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(Reference retrieved automatically from Web of Science through information on FAPESP grant and its corresponding number as mentioned in the publication by the authors.)

The Effect of Sodium Bicarbonate Upon Urinary Citrate Excretion in Calcium Stone Formers

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Pinheiro, Vivian Barbosa [1] ; Baxmann, Alessandra Calabria [1] ; Tiselius, Hans-Goeran [1] ; Heilberg, Ita Pfeferman [2]
Total Authors: 4
[1] Karolinska Inst, Dept Clin Sci Intervent & Technol, Stockholm - Sweden
[2] Univ Fed Sao Paulo, Div Nephrol, Sao Paulo - Brazil
Total Affiliations: 2
Document type: Journal article
Source: UROLOGY; v. 82, n. 1, p. 33-37, JUL 2013.
Web of Science Citations: 17

OBJECTIVE To evaluate the effects of oral sodium bicarbonate (NaBic) supplementation upon urinary citrate excretion in calcium stone formers (CSFs). METHODS Sixteen adult calcium stone formers with hypocitraturia were enrolled in a randomized, double-blind, crossover protocol using 60 mEq/day of NaBic during 3 days compared to the same period and doses of potassium citrate (KCit) supplementation. Blood and 24-hour urine samples were collected at baseline and during the third day of each alkali salt. RESULTS NaBic, similarly to KCit supplementation, led to an equivalent and significant increase in urinary citrate and pH. Compared to baseline, NaBic led to a significant increase in sodium excretion without concomitant increases in urinary calcium excretion, whereas KCit induced a significant increase in potassium excretion coupled with a significant reduction in urinary calcium. Although NaBic and KCit both reduced calcium oxalate supersaturation (CaOxSS) significantly vs baseline, KCit reduced calcium oxalate supersaturation significantly further vs NaBic. Both KCit and NaBic significantly reduced urinary phosphate and increased calcium phosphate supersaturation (CaPSS) compared to baseline. Finally, a significantly higher sodium urate supersaturation (NaUrSS) was observed after the use of the 2 drugs. CONCLUSION This short-term study suggests that NaBic represents an effective alternative for the treatment of hypocitraturic calcium oxalate stone formers who cannot tolerate or afford the cost of KCit. In view of the increased sodium urate supersaturation, patients with pure uric acid stones and high urate excretion may be less suited for treatment with NaBic. UROLOGY 82: 33-37, 2013. (C) 2013 Elsevier Inc. (AU)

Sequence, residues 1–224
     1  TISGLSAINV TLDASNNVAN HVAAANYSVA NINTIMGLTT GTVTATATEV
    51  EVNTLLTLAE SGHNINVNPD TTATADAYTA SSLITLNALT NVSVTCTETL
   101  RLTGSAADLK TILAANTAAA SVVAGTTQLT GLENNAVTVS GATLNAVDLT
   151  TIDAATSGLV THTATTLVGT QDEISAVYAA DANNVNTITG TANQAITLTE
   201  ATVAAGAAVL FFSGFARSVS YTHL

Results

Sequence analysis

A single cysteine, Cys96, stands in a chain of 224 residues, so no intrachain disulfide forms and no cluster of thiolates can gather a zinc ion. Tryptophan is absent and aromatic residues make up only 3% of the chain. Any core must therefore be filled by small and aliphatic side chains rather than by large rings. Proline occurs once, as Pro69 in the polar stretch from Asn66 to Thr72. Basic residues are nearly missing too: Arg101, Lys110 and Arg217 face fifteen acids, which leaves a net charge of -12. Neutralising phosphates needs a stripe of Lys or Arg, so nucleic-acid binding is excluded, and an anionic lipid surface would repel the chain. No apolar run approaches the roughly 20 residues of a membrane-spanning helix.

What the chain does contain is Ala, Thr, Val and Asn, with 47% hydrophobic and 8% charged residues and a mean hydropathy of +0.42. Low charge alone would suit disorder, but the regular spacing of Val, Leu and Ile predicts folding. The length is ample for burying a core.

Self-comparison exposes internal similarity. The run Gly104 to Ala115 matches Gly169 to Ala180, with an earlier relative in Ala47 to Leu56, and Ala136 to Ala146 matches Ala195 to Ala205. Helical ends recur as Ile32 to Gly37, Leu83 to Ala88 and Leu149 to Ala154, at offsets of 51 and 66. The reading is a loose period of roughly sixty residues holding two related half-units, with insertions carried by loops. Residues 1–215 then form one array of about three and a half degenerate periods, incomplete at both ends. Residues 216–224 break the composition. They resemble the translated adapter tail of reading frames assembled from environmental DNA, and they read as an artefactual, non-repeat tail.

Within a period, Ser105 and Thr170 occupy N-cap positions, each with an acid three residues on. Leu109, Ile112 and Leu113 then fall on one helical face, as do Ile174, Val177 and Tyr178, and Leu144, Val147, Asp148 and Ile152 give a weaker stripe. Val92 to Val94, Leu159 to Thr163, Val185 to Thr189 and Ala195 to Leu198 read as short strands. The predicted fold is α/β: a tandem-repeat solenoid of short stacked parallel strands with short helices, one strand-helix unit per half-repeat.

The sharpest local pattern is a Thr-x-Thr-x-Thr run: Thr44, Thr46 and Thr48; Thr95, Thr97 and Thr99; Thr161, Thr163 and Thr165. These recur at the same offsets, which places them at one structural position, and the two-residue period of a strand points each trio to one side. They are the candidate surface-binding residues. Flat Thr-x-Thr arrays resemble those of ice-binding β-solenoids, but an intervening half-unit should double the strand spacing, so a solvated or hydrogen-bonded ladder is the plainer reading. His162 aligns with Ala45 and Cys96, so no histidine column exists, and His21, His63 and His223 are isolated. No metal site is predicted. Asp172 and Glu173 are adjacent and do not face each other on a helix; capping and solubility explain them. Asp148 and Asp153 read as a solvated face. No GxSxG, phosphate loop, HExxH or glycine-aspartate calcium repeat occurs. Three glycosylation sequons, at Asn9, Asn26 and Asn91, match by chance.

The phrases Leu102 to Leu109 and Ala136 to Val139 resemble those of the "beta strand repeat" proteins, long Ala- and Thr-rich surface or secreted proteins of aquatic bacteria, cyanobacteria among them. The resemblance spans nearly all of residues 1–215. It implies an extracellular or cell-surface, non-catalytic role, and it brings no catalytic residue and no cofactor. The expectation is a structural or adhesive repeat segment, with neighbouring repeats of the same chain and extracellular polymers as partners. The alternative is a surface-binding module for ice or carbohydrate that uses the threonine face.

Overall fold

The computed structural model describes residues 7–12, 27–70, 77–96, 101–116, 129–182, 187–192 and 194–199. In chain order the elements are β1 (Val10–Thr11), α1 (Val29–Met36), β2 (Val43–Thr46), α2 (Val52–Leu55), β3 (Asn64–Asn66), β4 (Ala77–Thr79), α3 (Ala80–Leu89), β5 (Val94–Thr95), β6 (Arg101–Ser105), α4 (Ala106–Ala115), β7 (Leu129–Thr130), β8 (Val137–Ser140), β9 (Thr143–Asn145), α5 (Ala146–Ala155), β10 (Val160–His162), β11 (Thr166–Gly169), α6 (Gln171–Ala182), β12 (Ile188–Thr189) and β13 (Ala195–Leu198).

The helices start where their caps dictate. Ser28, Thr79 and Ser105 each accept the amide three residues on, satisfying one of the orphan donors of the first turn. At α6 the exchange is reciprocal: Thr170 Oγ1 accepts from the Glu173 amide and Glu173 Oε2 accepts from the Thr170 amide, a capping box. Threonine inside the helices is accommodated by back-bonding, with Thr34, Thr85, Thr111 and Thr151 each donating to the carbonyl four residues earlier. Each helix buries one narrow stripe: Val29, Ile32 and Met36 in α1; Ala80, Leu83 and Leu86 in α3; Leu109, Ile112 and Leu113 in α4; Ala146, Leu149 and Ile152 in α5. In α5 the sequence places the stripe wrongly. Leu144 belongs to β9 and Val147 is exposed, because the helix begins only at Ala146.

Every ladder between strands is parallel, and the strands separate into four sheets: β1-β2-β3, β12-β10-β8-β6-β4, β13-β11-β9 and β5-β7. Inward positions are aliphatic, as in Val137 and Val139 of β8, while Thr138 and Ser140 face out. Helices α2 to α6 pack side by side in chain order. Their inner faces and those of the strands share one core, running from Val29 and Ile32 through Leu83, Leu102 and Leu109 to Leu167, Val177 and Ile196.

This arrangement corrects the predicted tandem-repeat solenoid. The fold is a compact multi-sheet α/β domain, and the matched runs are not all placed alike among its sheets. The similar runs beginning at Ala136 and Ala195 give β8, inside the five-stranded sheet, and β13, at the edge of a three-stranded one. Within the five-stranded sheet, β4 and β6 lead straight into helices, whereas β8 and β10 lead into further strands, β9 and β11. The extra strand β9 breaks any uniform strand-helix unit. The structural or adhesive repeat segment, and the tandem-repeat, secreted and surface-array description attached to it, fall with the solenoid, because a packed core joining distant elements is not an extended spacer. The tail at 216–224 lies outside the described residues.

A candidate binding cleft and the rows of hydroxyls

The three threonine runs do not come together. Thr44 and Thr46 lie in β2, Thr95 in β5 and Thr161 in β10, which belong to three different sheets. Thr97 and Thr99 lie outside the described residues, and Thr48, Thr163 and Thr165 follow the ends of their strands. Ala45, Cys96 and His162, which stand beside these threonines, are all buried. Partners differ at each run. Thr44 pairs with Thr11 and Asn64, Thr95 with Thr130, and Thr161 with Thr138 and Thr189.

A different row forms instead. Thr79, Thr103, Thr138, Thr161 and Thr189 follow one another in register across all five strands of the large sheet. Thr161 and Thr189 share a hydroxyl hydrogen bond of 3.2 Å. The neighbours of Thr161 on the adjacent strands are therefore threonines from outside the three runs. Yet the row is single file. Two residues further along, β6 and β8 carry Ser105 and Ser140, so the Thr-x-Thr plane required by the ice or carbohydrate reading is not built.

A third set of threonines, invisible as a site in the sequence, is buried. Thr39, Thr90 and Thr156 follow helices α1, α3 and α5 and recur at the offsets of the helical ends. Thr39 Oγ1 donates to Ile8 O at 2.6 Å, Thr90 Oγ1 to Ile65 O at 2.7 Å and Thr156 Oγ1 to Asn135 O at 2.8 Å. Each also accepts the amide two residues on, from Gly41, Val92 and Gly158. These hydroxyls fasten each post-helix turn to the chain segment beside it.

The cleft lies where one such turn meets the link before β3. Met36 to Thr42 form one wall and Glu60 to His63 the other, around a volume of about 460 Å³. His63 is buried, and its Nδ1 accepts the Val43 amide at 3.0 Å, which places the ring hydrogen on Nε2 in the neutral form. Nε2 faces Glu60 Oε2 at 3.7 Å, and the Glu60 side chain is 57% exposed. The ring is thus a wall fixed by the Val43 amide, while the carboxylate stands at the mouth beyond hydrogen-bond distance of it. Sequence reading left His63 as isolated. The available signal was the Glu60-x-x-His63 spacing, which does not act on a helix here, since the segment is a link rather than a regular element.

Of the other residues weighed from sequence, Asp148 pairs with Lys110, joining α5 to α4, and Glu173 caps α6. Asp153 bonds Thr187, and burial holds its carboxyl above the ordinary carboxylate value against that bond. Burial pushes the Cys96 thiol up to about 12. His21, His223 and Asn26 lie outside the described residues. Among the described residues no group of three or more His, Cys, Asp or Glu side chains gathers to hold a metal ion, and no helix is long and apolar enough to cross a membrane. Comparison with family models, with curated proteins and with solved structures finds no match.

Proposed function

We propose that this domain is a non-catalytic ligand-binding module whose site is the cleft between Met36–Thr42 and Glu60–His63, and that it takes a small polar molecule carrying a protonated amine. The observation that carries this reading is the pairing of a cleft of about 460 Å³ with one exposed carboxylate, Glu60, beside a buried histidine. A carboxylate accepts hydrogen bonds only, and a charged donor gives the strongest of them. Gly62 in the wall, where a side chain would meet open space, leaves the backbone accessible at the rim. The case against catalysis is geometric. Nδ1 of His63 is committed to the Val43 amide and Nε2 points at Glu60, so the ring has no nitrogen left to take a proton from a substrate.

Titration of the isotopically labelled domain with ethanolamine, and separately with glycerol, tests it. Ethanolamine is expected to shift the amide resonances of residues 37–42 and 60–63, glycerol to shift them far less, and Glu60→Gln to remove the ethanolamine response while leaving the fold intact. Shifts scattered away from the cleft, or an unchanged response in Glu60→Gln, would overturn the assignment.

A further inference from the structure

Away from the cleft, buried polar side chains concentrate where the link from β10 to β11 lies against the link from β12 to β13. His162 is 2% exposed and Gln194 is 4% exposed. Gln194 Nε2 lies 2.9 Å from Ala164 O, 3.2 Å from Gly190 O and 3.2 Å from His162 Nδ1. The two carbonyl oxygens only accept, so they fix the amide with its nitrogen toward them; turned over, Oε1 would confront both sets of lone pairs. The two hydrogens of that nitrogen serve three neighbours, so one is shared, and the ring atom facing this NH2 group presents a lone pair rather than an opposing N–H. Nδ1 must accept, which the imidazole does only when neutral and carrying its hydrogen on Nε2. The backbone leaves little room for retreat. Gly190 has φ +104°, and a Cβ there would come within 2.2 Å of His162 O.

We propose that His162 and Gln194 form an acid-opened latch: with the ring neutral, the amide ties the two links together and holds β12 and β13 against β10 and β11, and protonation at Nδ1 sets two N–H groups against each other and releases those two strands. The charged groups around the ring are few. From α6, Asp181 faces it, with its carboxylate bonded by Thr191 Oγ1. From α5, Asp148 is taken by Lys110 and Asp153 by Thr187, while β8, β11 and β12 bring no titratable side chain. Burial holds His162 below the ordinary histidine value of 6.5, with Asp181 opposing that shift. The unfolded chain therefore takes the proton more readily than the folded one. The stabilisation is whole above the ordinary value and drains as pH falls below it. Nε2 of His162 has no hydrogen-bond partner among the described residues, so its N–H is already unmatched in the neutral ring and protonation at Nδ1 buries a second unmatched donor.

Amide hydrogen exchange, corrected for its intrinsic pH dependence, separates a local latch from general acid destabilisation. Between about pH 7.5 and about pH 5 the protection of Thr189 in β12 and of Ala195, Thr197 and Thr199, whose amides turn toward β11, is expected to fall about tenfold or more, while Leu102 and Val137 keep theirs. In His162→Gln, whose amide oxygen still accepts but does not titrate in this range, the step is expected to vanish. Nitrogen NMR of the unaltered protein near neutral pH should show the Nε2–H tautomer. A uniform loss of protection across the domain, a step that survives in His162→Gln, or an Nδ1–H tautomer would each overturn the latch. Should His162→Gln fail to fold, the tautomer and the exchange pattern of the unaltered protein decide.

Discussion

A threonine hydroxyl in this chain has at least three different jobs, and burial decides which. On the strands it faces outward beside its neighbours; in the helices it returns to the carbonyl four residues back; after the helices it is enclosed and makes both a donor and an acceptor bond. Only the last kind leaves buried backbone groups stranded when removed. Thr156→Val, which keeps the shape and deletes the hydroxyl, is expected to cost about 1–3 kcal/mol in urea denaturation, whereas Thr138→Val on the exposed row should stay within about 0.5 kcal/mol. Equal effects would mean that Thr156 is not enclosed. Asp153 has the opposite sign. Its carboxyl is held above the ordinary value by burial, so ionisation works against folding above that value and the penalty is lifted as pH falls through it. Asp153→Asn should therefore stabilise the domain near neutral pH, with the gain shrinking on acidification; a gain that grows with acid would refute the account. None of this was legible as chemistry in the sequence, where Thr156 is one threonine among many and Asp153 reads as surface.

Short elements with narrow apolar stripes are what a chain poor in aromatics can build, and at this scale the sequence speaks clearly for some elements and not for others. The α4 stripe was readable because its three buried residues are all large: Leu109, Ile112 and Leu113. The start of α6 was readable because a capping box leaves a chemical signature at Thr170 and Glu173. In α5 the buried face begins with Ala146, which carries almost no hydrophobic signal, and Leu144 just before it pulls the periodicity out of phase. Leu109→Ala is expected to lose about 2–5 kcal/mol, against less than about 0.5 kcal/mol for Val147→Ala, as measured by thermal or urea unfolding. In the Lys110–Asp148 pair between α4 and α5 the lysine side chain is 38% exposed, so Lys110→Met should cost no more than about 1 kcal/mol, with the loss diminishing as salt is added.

FAPESP's process: 10/04719-1 - Comparative effects of sodium bicarbonate and potassium citrate in hypocitraturic stone formers patients.
Grantee:Vivian Barbosa Pinheiro
Support Opportunities: Scholarships in Brazil - Master